Today was a short but important day, at the global climate conference in Dubai. It was a day of agenda-setting. The conference started at 1 pm local time with three very different messages from the opening session.
The former COP27 President provided a reality check that the science shows the world is NOT doing enough. The gavel was handed to the incoming COP28 President, Dr Sultan Al Jaber, who was optimistic and seemed to problematically suggest that he will push for continued use of fossil fuels. Then came the clarion call from the UN Climate Change Executive Secretary Simon Stiell: “Don’t come home without a deal that will make a real difference.”
The deal that will make a difference is a clear one that was echoed as a demand from activists, NGOs, and impacted community members in press conferences and events outside of the opening session: world leaders must commit to phasing out fossil fuels.
Biggest Take Away: The fossil fuel phase-out question is (implicitly) on the agenda. As Jean Su from the Center for Biological Diversity said at a press conference today, “For over thirty years, we have asked for the focus to be on fossil fuels, and we finally have that now.” She continued to ask everyone to leverage everything they can to “demand an actual solution to the climate emergency, which is to phase out fossil fuels.”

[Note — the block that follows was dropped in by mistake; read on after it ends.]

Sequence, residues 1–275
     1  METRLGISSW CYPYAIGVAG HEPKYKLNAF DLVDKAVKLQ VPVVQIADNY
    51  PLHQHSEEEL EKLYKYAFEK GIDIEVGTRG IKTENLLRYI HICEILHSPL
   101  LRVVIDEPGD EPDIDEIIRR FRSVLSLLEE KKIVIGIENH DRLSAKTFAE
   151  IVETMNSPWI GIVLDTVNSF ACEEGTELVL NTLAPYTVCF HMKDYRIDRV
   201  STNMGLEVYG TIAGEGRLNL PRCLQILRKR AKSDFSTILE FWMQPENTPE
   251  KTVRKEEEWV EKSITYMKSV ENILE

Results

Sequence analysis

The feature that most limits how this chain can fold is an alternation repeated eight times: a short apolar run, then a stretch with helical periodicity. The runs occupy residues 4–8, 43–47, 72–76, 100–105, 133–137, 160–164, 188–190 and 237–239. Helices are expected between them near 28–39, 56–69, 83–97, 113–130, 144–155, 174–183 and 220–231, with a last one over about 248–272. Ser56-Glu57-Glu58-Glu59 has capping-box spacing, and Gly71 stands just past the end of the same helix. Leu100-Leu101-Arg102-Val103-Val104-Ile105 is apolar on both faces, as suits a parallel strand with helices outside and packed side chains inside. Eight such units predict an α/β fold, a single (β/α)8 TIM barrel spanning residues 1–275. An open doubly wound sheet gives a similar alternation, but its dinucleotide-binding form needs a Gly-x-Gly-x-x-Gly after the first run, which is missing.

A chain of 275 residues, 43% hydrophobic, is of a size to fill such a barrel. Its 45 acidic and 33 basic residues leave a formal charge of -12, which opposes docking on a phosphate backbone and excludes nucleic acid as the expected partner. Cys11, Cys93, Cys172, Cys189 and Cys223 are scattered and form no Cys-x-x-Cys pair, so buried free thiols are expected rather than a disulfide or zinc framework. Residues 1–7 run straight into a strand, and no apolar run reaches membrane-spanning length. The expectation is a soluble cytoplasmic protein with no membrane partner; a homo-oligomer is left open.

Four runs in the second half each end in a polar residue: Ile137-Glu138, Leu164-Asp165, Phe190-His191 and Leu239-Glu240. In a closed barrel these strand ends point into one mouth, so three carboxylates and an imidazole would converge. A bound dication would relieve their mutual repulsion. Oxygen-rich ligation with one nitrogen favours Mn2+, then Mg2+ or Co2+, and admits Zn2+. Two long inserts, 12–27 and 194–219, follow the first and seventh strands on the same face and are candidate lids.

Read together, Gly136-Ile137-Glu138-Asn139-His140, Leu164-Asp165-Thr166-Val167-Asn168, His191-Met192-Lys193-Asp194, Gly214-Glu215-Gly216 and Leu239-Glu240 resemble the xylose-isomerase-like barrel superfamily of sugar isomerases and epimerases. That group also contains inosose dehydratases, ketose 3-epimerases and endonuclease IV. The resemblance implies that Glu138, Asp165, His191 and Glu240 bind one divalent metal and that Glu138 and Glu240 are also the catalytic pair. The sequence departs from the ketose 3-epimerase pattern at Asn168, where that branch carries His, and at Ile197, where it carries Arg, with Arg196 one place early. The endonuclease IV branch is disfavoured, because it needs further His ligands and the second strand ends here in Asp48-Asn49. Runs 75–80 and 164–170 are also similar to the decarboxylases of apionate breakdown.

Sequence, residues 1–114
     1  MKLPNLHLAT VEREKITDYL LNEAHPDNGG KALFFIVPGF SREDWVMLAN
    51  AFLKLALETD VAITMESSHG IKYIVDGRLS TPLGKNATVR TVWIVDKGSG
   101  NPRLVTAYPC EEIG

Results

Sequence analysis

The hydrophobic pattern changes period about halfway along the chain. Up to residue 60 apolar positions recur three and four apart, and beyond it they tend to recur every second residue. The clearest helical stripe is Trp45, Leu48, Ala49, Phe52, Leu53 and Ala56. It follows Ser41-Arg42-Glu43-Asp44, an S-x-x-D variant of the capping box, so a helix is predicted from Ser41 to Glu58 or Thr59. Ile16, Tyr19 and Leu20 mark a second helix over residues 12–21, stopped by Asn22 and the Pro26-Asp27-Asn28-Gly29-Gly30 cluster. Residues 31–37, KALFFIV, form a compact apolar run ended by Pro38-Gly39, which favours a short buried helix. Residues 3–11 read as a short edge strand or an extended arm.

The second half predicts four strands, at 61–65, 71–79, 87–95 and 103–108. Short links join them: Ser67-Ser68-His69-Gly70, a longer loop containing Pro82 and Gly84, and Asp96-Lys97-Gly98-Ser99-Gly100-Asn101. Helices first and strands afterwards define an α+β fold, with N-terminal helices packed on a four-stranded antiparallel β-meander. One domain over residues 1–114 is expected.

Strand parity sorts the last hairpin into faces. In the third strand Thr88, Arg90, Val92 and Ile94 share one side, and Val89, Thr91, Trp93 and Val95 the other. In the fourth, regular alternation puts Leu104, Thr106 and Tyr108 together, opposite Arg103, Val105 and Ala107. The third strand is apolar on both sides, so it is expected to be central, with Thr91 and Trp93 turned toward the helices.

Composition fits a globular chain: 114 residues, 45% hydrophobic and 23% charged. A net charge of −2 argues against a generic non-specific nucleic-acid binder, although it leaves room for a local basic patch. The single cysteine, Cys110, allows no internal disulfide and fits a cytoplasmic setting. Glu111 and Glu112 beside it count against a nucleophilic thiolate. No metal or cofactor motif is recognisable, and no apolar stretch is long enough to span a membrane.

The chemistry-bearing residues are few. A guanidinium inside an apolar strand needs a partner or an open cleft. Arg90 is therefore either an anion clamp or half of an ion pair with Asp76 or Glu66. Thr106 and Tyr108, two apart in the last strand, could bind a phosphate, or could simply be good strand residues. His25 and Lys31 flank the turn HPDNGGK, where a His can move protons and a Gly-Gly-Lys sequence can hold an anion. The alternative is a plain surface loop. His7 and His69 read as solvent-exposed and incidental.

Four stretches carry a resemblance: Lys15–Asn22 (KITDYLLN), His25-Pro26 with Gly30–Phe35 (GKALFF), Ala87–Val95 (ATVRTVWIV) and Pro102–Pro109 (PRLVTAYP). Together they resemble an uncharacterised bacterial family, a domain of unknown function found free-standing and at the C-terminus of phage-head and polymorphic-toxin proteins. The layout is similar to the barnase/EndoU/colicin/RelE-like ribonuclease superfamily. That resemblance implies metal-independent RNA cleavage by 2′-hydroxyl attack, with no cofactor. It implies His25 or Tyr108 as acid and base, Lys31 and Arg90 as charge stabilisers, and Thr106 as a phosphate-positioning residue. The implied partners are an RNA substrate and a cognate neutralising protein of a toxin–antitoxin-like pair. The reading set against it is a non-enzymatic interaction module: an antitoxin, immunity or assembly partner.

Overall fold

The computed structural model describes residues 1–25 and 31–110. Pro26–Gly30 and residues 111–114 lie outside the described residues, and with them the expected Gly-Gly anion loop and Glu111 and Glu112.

Best Thing to Watch: The Press Conference with the Center for Biological Diversity, Greenpeace MENA, Oil Change International, and IBON International.
What’s next? Vice President Kamala Harris will be in Dubai tomorrow and Saturday, an announcement made just this Wednesday after backlash from many upset that President Biden would not attend this year’s climate conference.
This is an especially critical moment for the Biden administration with his climate agenda in question.
He has helped bring historic investment into renewable energy production and is expected soon to final major rules to cut methane. However, his administration’s continued push for new oil and gas facilities in Louisiana and Texas in the Gulf of Mexico and other oil & gas expansion across the US means President Biden is neither living up to his commitments to do what is necessary to tackle the climate crisis or center environmental justice in his administration’s decision-making.
Earthworks, NGOs, and community members directly impacted by fossil fuel expansion will seek to engage the Vice President and other administration officials while they are in Dubai.